Josh Hazlewood is unimpressed with the English players' strategy in the Ashes of 2023. The tourists played well on the opening day of the first Ashes 2023 Test at Edgbaston, says Australian fast bowler Josh Hazlewood.
It was a day that, in many ways, encapsulated the 2023 Ashes. It began hanging in the balance. The majority of the entertainment came from England. Australia seems to be about to disappear. Somehow, England managed to hold on till the very end.
So much worse could have happened. Just as their Ashes aspirations appeared to be losing steam without much pushback, England's post-lunch onslaught nearly brought them to parity.
The knives came out when Chris Woakes waved at a short ball just before noon. Before the time of death had been announced, the post-mortem was prepared to begin. After one of England's slowest batting performances during the Bazball era, their aggression came under scrutiny once more. They were responsible for creating their own demise.
The way Jonny Bairstow went down wasn't attractive, but this is where discussions about wickets frequently fall short: the shot was terrible, but it was poor in execution rather than in the choice to play it. Given that it was only a half-volley, it deserved to be scored on.
Australia needs one more strong day of play to make it 3-0 and end the series despite England's superb nighttime session with the ball. However, they are not there because of England's arrogance with the bat; rather, they are there because they have better and more reliable cricketers.
This does not excuse England from responsibility; their pre-series preparation was haphazard. Golf doesn't help you improve your slip-catching, as Ollie Robinson and James Anderson both admitted to being undercooked at Edgbaston.
They have the highest average of any team in the history of the game in Usman Khawaja, who has scored the most runs in the series. Three of their other players are among the top 10 batsmen in the world. In Test cricket, their batter, who is under the most scrutiny, averages 45, but their bowling lineup is so powerful that they can afford to rotate Josh Hazlewood out of the lineup.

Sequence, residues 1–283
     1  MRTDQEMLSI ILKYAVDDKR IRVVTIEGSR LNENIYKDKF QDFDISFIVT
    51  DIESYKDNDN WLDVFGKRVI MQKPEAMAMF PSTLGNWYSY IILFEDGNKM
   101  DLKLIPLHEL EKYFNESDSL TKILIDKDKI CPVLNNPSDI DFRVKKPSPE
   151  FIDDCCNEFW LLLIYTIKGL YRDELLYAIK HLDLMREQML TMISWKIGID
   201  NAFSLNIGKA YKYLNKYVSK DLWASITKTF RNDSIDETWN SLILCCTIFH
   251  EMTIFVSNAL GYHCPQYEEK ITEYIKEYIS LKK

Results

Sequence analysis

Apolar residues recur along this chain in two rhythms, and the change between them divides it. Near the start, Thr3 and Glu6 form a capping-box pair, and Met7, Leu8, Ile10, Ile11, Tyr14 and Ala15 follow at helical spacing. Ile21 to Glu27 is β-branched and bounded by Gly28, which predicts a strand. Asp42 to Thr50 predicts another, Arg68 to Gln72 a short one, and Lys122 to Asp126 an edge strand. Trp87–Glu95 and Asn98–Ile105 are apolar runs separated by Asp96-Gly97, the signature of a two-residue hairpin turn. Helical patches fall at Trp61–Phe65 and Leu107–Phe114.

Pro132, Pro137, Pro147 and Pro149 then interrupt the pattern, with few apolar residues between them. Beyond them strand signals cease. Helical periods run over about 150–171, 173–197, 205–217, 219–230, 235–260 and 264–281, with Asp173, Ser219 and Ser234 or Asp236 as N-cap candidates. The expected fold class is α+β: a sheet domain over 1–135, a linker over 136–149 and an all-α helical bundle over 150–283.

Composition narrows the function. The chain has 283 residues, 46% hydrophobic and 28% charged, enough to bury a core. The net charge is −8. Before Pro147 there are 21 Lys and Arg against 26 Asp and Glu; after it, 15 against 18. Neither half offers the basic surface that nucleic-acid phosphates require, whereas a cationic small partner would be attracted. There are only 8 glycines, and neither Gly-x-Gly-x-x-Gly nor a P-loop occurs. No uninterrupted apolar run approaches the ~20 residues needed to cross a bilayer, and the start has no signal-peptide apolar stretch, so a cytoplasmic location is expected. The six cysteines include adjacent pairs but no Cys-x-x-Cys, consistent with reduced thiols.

On the other side, England is full of athletes who have yet to truly establish themselves. While the other averages 28 in his 37th Test, their top opener is playing in his first complete year of Test cricket. They have a rookie at position three and a man at position seven who has gone 23 tests without passing 60.
After 11 years of Bairstow playing in Tests, they still haven't really figured out how to get the greatest performance out of him. Not to mention the injuries that have afflicted England before and during the series, depriving them of their vice-captain, their primary spinner, and any true speed until the third Test, when the series was on the line.
Hazlewood disagrees with critics who think England had the upper hand at the end of Day 1. He shared his views in a press conference, saying it's crucial to look at the final score.
England got 8 wickets for under 400 runs, which he found impressive, no matter how many overs were bowled (whether 80 or 160). Hazlewood suggested changing the way people think about the game, focusing less on stats like strike rates and economies.
He thought the secret to understanding the Ashes was to pay attention to wickets and the overall score. Hazlewood commended them for taking a methodical approach rather than engaging in rash strokeplay.
Josh Hazlewood's scepticism of the English players' "Bazball" strategy raises concerns about its efficacy against the Australian bowling attack in the context of the Ashes 2023 series. This dynamic gives the competition a fascinating side story.
What Are Hazlewood's international career highlights?
Josh Hazlewood excels in Australia's fast bowling, contributing to victories like the 2015 World Cup and Ashes series.
Has there been any Impact of injuries on Hazlewood's career?
Despite injuries, like stress fractures, Hazlewood's resilience and support from Australian cricket have facilitated successful comebacks.